[Pt. III Proj.2] – A Bach Sonata – Research point: 3.1- Baroque ornamentation.
[Pt. III Proj.2] – A Bach Sonata – Research point: 3.1- Baroque ornamentation. Spend some time investigating Baroque ornamentation. Among other things, research the history of the practice, the individual ornaments themselves and how and when they were employed. Listen to some Baroque chamber pieces and Baroque arias (melodious vocal sections in operas) to hear a variety of ways and contexts in which ornamentation may be employed. Summarise your thoughts and findings in around 400 words in your learning log.
400 words on Baroque ornamentation:
At the time of the Baroque period it was common for performers to improvise and choose their own ornamentations from a set of figures common to the style and region and placed at strategic moments in the music for a maximum emotional and expressive impact and also in order to create variation. Compositions were at the time often of a binary or cyclic structure with sections repeating. It was common to add ornaments to repeated sections and sequences. Generally, the more repeats, the more ornamentation in order to add harmonic (creating temporary dissonance), melodic and rhythmic variation. The type of ornaments chosen was also dependant on the style of the region. Italian and French Baroque composers all had very different styles. The Italians favoured ‘passaggi’ style ornaments which was the method of embellishing a straightforward original melody line with a plethora of extra notes. This allowed for a high degree of improvisation. This style of ornamentation can be heard in many opera arias. The French composers on the other hand favoured ‘graces’ which were specific ornamental figures applied to specific notes. French and German Baroque chamber music predominantly employs these types of ornamentations. Examples of graces include things like trills, mordents, turns, appoggiaturas, grace notes and vibrato (including finger vibrato- flattement). The key to using these was a matter of ‘good taste’ and moderation.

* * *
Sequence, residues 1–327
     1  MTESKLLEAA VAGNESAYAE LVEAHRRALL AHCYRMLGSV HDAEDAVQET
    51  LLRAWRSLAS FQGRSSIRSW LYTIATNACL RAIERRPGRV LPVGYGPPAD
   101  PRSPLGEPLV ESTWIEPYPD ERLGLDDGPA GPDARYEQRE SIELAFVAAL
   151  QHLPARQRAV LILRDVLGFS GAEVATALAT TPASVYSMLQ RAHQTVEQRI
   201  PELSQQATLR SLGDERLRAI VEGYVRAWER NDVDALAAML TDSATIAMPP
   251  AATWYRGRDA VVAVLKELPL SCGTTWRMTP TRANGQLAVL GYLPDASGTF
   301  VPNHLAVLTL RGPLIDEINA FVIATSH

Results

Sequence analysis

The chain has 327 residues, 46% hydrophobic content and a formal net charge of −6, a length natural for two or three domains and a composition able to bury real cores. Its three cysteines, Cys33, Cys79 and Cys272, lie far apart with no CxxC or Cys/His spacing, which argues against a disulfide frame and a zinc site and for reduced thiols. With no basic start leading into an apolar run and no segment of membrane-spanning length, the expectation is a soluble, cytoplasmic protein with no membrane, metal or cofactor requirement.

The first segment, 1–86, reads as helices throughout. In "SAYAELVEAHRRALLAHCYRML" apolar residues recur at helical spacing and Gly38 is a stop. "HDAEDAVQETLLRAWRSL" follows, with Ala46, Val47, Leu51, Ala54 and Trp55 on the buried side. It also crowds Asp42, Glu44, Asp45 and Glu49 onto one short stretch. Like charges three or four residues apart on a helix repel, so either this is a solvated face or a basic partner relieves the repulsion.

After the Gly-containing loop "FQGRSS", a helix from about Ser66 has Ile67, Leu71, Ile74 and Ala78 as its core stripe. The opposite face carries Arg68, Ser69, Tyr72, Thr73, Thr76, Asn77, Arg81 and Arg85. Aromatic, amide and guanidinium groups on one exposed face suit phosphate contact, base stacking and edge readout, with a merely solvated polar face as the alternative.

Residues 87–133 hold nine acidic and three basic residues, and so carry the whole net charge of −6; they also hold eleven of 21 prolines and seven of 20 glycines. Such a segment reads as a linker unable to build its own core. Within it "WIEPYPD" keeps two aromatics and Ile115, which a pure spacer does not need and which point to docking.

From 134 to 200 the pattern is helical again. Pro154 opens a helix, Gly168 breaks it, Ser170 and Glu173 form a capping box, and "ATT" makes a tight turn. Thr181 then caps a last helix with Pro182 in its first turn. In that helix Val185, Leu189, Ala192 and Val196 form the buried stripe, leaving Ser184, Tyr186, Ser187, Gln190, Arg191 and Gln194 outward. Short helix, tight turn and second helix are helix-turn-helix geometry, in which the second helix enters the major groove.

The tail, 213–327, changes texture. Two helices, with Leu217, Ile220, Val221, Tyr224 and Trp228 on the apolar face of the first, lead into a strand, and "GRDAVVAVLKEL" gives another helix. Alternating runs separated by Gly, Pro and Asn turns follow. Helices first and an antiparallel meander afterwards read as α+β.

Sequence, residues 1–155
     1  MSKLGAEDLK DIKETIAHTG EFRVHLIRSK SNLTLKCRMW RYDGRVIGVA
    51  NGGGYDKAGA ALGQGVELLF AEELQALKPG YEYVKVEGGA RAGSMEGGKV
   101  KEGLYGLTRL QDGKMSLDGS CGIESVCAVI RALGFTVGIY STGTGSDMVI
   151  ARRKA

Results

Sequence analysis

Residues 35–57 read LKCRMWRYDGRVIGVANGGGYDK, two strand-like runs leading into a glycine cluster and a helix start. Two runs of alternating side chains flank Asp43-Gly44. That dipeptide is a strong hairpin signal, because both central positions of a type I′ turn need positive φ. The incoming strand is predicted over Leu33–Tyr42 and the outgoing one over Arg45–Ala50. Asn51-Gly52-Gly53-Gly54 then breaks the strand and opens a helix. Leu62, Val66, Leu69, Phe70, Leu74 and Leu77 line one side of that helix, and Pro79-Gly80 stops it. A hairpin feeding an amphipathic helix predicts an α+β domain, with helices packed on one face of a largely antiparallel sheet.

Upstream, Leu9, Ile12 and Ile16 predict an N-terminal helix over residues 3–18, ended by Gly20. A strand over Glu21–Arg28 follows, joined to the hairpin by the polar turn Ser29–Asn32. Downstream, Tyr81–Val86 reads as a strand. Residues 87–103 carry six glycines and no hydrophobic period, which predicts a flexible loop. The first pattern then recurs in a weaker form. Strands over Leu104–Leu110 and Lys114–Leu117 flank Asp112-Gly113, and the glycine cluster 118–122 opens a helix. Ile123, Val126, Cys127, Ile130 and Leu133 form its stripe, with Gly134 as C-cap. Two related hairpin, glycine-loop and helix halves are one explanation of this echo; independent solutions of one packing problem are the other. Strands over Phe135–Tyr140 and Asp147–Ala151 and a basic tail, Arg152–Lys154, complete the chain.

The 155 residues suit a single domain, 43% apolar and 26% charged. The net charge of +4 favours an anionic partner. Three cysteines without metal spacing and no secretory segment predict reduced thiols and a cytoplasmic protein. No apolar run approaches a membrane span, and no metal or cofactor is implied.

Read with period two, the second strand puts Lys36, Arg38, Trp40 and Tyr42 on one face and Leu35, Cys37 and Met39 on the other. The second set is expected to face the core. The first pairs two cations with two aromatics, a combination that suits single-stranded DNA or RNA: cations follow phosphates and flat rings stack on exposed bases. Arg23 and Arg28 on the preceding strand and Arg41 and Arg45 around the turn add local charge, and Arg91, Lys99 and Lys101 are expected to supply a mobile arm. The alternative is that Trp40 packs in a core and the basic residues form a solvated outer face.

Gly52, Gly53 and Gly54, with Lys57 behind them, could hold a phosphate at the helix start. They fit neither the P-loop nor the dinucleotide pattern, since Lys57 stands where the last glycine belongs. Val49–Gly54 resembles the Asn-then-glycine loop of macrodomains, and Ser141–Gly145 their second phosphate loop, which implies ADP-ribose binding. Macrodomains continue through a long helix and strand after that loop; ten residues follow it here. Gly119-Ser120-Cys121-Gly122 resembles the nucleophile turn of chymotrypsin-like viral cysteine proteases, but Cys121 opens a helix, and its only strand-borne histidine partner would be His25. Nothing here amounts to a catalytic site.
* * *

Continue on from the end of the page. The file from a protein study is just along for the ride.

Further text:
Trills (or shakes) consist of two notes rapidly alternating (often used at cadences), generally starting on the upper note and on the beat. Usually indicated by either a tr or a tr~:
Mordent can either go up to the note above original note and then return to it or down below original note before returning. If it goes up to the note above it is referred to as an upper mordent, indicated by a short squiggle. If it goes to the note it is called a lower mordent and is indicated by a short squiggle with a short vertical line through it:
The Turn goes to note above, back to original note. Then note below and back again. Indicated by a horizontal S- shape, or an inverted S- shape if it goes in opposite direction.
Appoggiatura- small dissonant note slurred to a big consonant note, starting on the beat, lasting roughly half the value of the main consonant note which it resolves to.
Acciaccatura or ‘crushed’ notes are very short notes played simultaneously or just before the main note of an arpeggiated chord, a tone or semitone below the chord tone.
Tour de chant, three notes going up, down, up leading into a trill.
Accent – lift between repeating notes. See in C.p.e Bach’s table below;